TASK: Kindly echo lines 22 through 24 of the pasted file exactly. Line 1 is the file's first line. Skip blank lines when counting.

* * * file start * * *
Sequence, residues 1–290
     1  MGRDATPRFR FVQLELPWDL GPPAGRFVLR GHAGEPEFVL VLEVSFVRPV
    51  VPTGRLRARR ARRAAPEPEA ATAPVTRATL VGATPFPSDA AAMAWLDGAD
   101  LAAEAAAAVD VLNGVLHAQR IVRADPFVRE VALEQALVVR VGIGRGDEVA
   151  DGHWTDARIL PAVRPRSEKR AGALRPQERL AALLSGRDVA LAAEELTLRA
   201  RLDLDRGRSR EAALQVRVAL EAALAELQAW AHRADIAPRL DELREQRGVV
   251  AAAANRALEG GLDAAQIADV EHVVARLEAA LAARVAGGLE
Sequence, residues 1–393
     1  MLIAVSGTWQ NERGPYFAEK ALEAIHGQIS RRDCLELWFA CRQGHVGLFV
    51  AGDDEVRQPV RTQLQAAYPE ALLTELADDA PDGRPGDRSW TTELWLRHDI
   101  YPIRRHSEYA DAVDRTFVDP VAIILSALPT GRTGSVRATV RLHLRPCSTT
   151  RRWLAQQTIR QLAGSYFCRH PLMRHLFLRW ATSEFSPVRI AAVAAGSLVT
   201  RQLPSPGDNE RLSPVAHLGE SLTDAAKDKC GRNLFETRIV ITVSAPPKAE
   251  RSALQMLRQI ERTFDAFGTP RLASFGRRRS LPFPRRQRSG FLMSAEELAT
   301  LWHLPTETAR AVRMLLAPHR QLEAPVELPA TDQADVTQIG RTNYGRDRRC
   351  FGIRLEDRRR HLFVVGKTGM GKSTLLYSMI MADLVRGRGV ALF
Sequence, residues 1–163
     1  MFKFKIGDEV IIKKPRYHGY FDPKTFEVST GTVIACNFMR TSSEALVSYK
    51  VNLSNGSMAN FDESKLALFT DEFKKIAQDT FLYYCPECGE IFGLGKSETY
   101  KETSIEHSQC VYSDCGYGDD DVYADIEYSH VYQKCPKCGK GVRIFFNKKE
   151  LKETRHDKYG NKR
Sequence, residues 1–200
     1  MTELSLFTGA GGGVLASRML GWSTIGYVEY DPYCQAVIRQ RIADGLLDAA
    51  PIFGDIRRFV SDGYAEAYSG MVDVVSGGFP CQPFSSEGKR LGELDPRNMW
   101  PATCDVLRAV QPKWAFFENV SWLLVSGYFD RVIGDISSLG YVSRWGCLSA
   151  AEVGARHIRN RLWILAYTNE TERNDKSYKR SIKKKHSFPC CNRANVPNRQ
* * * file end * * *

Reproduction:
Sequence, residues 1–200
     1  MTELSLFTGA GGGVLASRML GWSTIGYVEY DPYCQAVIRQ RIADGLLDAA
    51  PIFGDIRRFV SDGYAEAYSG MVDVVSGGFP CQPFSSEGKR LGELDPRNMW